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Program aims to find victims of radiation exposure

By Felicia Fonseca (AP) April 2010

Some toiled in uranium mines, transported the extracted ore and carried it home on their clothes. Others participated in nuclear weapons testing or lived downwind from test sites.

Not all have been compensated, let alone know about a federal program that does so.

Larry Martinez knows of thousands of them who live on the Navajo Nation, and this summer he hopes to get some help finding more in the towns that dot the 27,000-square-mile reservation.

A new U.S. Department of Justice program will select 30 students to travel the vast reservation and other communities in the Four Corners region to identify potential participants in the federal compensation program.

“It’s going to be a godsend because I need the bodies,” said Martinez, of the Office of Navajo Uranium Workers.

Congress in 1990 authorized compensation for people who worked in or were affected by uranium mining or nuclear weapons testing between 1942 and 1971 and contracted cancer or other diseases from radon exposure.

From April 1992 through March 2010, the government has paid out nearly $1.5 billion in some 22,350 claims. Almost 9,000 other claims have been denied, primarily because the claimant did not have a covered illness, according to the DOJ.

Of the total applications, about 23,500 come from the Four Corners area and around 6,000 were denied.

The student interns, 15 each in two sessions, will undergo two weeks of training in Washington, D.C., to learn about the Radiation Exposure Compensation Act, community outreach and cultural sensitivity before heading to the reservation.

Assistant Attorney General Tony West, who was in Arizona and New Mexico this week explaining the internship, said the DOJ needed a better way to reach out to tribal members while providing an opportunity for students to serve their country.

“I’m very hopeful this will become a very successful program in the years to come,” he said.

Angel Harlins, who is studying environmental policy and international relations at Northern Arizona University, plans to apply.

“I found it interesting that now it seems like it’s too late, but they’re trying to figure out what people need right now,” said the 21-year-old Harlins.

Less than a handful of people with Martinez’s office do outreach on the Navajo Nation, where it can take hours to reach a single home and years to gather the documents needed for a successful claim, he said.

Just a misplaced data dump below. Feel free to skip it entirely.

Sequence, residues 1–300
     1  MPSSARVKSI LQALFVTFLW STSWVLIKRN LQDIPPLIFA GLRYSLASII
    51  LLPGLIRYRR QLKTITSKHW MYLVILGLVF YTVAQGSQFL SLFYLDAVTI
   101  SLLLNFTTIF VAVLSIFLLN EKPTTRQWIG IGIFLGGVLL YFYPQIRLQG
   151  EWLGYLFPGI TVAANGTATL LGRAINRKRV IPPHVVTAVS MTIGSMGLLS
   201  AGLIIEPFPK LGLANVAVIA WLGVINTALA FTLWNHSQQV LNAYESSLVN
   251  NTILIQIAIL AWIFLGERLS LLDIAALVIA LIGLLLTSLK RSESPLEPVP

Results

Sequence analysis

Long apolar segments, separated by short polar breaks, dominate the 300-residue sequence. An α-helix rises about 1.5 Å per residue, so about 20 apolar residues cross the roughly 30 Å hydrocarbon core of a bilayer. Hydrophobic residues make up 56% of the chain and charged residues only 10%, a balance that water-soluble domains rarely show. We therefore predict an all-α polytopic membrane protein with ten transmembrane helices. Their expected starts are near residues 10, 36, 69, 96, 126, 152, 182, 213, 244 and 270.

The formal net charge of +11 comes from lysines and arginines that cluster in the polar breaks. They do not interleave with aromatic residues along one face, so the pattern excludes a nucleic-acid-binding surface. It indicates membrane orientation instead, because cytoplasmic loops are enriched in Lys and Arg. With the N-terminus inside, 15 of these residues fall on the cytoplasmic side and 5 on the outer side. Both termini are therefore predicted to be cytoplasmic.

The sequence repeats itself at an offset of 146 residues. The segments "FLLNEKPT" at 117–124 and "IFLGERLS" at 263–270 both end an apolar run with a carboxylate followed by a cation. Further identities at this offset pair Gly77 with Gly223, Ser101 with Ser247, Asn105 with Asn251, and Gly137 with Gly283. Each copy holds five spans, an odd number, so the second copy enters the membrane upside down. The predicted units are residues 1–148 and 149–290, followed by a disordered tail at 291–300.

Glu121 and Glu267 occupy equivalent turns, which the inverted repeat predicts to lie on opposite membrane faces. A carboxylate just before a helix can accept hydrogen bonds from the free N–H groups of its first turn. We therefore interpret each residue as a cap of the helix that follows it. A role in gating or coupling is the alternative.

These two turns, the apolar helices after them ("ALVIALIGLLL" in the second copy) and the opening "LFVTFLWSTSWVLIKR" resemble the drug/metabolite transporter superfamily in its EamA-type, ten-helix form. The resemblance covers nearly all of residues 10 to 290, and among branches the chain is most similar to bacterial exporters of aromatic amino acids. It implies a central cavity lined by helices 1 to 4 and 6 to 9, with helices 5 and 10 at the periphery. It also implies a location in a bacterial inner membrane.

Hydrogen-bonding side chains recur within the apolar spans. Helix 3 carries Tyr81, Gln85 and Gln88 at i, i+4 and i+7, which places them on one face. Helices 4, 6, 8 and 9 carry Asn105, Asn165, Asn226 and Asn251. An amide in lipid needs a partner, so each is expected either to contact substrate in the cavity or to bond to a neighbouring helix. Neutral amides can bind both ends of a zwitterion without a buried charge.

He has a list of 6,000 people who have started the RECA process but estimates up to 2,000 more are eligible.

Many people hesitate to file because they’re ashamed of their illness or believe its a death sentence, and cannot prove work history, establish residency or obtain medical records, he said.

Navajos and other tribal members who worked in the uranium mining industry often relied on traditional healers for health care, which left no paper record of their illnesses. Birth certificates for the more elderly population don’t exist, but Navajos can obtain them through a court process. In the 11 years Martinez has worked to compensate people under RECA, he recalls only two people who kept pay stubs from their time in the uranium mining industry.

Applicants also need to prove they have one of 27 covered illnesses through medical screenings and that they were exposed to radiation for a certain period of time or were present during nuclear weapons testing.

The lengthy process has left some Navajos frustrated and has given the RECA program a bad reputation on the reservation, said Philian Tree, a 24-year-old NAU student whose father qualified for compensation as a downwinder. If successful, they can receive anywhere from $50,000 to $100,000, depending on which of three categories they fit.

“It kind of puts a bitter taste in people’s mouths,” she said. “You mention it to people, but they say, ‘I know about it, but it takes too long.”’

Yet Tree praised the DOJ’s efforts and offered herself as a resource for student interns who might face difficulty traveling across the reservation, gaining the trust of Navajos or understanding the effects of radiation exposure.

Nicole Lucero, an intern with a Flagstaff health facility that screens people with a history of radiation exposure, said she went out on the reservation with no knowledge of RECA or the Navajo culture. She’s been shunned by some clients who want to speak only to other Navajos, but welcomed by others who openly share their experience.

“There are going to be barriers,” Lucero said. “But it’s a matter of if you show them you’re there to help, they open up a little more.”

 

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